Loan forgiveness excites students, generates more questions

By Vivian La, Assistant News Editor

Sarah Cho, junior in nursing, first heard about President Joe Biden’s student loan forgiveness plan when she was scrolling on TikTok. Cho immediately checked if she qualified because she said it seemed too good to be true. 

“Honestly, I was just really thankful. I mean, anything helps,” Cho said. “Finding out that information (about qualifying) was a really, really good feeling for me.”

Biden announced on Wednesday that he will cancel $10,000 in federal student loan debt for individuals who earn less than $125,000 a year, or households that earn less than $250,000. For those who received a Federal Pell Grant to attend college, an additional $10,000 will be canceled.

In the 2019–2020 academic year, 23.4% of full-time undergraduate students at the University received a Pell Grant. The total amount of money distributed was nearly $40 million, according to data from the University.

Current students could qualify if they meet these income thresholds and their loans were issued before July 1.

Emmanuel Oteng Appiah, senior in LAS, said he’ll owe about $28,000 in student loans after graduating. Learning that he qualifies to have some of that debt canceled was exciting, he said.

But he still has questions about why college is so expensive in the first place. Oteng Appiah said ideas like free or reduced tuition should be discussed more.

“I think there are ways better than making us take out loans, and then forgive us,” he said. “Some even don’t get to pay all your loans until you probably die.”

The White House’s plan also extends student loan repayments for the last time until the end of 2022. Repayments were first paused in March 2020.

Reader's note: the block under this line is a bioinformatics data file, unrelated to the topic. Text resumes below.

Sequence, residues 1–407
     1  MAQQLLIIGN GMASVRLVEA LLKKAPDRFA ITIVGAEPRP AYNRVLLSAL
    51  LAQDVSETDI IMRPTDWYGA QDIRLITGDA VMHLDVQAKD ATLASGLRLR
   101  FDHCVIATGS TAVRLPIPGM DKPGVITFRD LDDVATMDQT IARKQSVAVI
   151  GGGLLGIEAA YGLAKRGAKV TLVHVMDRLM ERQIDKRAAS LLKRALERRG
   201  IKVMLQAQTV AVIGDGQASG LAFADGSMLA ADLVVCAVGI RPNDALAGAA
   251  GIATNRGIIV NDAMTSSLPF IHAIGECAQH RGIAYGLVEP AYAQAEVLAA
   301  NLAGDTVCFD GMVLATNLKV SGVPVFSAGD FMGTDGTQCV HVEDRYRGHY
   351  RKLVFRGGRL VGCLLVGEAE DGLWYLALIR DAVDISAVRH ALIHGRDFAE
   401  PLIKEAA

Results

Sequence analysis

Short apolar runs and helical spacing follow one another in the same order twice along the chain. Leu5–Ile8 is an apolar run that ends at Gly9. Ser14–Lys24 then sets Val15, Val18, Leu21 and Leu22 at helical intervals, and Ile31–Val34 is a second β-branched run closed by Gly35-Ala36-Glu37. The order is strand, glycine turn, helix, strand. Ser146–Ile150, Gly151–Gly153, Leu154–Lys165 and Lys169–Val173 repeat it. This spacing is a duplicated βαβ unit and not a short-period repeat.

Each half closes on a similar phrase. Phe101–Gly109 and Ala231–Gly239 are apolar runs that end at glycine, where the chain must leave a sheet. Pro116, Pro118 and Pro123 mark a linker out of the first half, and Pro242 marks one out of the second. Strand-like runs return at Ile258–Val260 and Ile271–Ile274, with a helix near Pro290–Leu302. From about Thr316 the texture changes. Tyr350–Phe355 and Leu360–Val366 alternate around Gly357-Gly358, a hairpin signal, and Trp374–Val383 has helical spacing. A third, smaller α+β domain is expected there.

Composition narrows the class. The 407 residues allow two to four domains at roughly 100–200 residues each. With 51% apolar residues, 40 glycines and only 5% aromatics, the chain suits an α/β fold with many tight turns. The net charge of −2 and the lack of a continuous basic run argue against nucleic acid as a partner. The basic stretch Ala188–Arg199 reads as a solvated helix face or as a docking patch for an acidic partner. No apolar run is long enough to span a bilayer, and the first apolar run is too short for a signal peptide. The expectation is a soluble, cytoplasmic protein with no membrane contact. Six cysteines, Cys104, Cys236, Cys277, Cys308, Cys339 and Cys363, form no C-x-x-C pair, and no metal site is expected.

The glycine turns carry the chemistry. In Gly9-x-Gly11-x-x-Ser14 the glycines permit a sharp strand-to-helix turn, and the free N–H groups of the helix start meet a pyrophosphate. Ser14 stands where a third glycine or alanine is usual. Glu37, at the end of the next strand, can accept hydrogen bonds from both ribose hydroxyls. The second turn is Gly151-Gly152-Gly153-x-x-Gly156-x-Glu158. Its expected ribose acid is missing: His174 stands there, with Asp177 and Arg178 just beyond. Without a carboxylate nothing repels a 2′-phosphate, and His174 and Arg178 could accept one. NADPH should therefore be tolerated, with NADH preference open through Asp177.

The University Office of Student Financial Aid said they’re still reviewing the information and what it means for students.

Economics experts are also concerned about the potential costs of this plan, such as how it could impact students’ future educational decisions.

“This changes whether people take out loans in the future, thinking that maybe the government will bail them out,” said Benjamin Marx, an associate professor in economics. “So they might be sort of encouraged to take out more loan aid than they really need going forward.”

Another concern for Marx is the application process that millions will have to undergo because the U.S. Department of Education might not have their income data. According to the Federal Student Aid site, 8 million borrowers may automatically see their balances updated. Everyone else should expect an application site to launch by October.

“When processes are complicated, people fall through the cracks and don’t get the benefits that they are entitled to,” Marx said.

Mahyar Kargar, an assistant professor of finance, said the people who most need this relief might not apply or even be aware of this news.

Kargar said he doesn’t think blanket forgiveness is the solution, either. One part of the policy that he said is a step in the right direction is the changes to income-driven repayment plans. Borrowers would only pay 5% of their earnings a month on these plans, down from 10%.

If the goal is to help low income people, IDR plans are a better policy than just blanket forgiveness, or even forgiveness with an income limit, Kargar said. 

“The big elephant in the room is what do we do with the high costs of college? This has nothing to do to address the bigger problem, right?” he said.

Sasha Agafonova, a freshman in DGS, doesn’t qualify for loan forgiveness because her loans were distributed after July 1. Agafonova said she recognizes the value of a college degree, which is why loan forgiveness should be discussed.

“The demand to go into university and the demand for the job market for you to have a degree while applying is so much higher,” she said. “But at the same time, it is very ridiculous, because I’m going to probably be paying off these loans for the rest of my life.”

Cho said she’s happy about having some of her student loans forgiven, since her two siblings overlap in years at college. But she thinks there’s a deeper problem to be addressed.

“It makes me wonder why college is so expensive, that there have to be these things to help people out,” Cho said. “I hope that this isn’t the last step that’s taken to help out a lot of families.”

 

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